Maths whizzes tackle industry problems
- Wits University
Top researchers and postgraduates convene virtually for the 2021 Mathematics in Industry Study Group (MISG).
The MISG is a five-day workshop where leading mathematicians, scholars and students work collaboratively with representatives from industry on research problems. The study group has been in existence for over 50 years and convenes in different countries across the globe. The group was launched in South Africa in 2004.
About 60 participants are attending the 2021 MISG, which runs from 1 to 5 February 2021. A graduate modelling camp also took place from 28 to 30 January to prepare and train participating students ahead of the study group.
Hosted by the School of Computer Science and Applied Mathematics, the 2021 virtual MISG has enabled the participation of exceptional researchers across the country and globe who may be restricted from travelling due to the Covid-19 pandemic, or teaching commitments. Invited international guests hail from the United Kingdom, Australia, Malaysia, India, and Spain.
The study group is an opportunity for both students to develop their problem-solving skills and for academics to expand their research collaborations, while solving problems of significance and thereby benefiting the industries involved.
The following four industry problems were submitted for the group to solve this year:
- Value of domestic tourists in travel and tourism industry, proposed by Precious Shabalala from the University of Mpumalanga
- Developing a South African tourism climate index, proposed by Professor Jennifer Fitchett from the University of the Witwatersrand
- Masks and the spread of droplets and airborne virions [the active, infectious form of a virus], proposed by Professor Alex Welter from Stellenbosch University
- Diffuser recycle rate, proposed by Mr Richard Loubser from the Sugar Milling Research Institute.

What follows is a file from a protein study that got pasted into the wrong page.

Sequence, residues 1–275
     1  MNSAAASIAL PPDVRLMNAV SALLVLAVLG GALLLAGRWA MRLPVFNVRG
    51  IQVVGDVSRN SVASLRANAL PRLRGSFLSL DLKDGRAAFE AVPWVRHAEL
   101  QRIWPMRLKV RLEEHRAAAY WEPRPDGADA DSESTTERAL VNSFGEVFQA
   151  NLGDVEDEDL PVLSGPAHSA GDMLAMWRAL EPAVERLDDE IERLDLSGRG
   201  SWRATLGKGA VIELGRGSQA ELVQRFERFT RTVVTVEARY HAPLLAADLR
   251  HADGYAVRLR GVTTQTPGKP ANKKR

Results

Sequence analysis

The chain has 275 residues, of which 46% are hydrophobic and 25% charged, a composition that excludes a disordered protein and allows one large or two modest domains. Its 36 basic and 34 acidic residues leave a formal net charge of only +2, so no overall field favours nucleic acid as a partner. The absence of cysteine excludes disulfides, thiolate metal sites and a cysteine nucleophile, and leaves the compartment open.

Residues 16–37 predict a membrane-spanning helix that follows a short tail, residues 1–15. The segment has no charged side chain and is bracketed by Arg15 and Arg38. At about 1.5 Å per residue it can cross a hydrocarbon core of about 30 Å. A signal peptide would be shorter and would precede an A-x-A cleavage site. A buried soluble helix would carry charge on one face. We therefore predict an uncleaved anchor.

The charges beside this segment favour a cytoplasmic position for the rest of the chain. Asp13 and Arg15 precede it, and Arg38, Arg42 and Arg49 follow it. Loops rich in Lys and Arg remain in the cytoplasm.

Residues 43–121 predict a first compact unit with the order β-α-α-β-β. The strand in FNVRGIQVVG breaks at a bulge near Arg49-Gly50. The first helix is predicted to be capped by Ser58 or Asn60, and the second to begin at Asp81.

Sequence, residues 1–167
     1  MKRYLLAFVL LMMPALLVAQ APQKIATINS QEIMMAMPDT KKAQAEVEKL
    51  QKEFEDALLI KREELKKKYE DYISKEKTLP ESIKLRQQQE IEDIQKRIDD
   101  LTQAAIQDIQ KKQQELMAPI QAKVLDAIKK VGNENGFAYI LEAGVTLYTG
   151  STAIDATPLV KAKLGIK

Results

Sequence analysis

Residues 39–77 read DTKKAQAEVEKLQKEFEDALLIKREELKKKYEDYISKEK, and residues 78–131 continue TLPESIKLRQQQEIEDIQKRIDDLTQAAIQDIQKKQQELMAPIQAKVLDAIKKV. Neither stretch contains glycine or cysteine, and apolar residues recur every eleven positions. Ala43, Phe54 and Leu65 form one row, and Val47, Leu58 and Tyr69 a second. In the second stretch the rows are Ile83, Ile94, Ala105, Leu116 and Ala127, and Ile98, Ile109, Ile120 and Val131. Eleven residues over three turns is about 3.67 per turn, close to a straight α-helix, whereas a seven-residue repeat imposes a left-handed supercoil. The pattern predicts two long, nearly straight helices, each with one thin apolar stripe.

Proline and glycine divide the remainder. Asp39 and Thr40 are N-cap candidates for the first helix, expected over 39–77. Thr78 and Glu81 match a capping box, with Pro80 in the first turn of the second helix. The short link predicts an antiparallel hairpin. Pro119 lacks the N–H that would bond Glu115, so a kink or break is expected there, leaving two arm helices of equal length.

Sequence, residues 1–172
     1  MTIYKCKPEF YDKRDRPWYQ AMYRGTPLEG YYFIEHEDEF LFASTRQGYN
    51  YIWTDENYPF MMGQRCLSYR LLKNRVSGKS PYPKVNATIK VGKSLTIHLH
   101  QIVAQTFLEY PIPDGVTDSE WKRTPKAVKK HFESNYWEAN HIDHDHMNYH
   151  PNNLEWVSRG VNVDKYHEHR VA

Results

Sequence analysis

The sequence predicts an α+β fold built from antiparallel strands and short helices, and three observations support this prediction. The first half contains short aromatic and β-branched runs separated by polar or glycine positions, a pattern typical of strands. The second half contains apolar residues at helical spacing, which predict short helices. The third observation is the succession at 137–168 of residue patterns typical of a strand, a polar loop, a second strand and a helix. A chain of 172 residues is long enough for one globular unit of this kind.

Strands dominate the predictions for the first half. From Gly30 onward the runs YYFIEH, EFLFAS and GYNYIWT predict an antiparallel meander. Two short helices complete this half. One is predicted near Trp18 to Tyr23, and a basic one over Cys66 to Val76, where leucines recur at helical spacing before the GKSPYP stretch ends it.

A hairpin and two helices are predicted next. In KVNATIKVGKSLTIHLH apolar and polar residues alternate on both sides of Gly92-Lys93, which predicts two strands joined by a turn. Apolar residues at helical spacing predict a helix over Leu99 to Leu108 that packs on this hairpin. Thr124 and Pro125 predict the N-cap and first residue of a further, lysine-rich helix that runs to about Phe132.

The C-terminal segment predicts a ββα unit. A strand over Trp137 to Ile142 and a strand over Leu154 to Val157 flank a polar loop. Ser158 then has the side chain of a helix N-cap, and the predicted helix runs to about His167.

Professor David Mason, a distinguished Wits academic in the field of applied mathematics, championed the MISG in South Africa and has organised it annually since its establishment. An Emeritus Professor in the School of Applied Mathematics and Computer Science, Mason is lauded for his immeasurable contribution to the field and for building human capacity through the development of young researchers. The mathematician has published over 100 articles in Web of Science journals and has supervised/ co-supervised 24 masters and 12 PhD students to completion.
Mason says the MISG has made a positive impact on all stakeholders involved.
“It has introduced new problems for the teaching and the research. It has had an impact in industries, for example the sugar industry. Sometimes representatives from the sugar industry present our results at conferences. In the mining industry, we have worked on problems on safety and mines,” says Mason. He adds that the MISG has contributed to the personal development of participants, whereby at least one of them has set up their own consultancy after participating.
The Centre of Excellence in Mathematical and Statistical Sciences (CoE-MaSS) and the African Institute for Mathematical Sciences are sponsors of this year’s study group. Caryn McNamara, Manager at CoE-MaSS, says their sponsorship contributes to the critical development of emerging and established researchers.
“The MISG is a wonderful opportunity for researchers to network with top international experts in their respective fields from numerous countries. This type of early international exposure can springboard a young researcher’s development to the next level in their research much earlier on in their academic career.”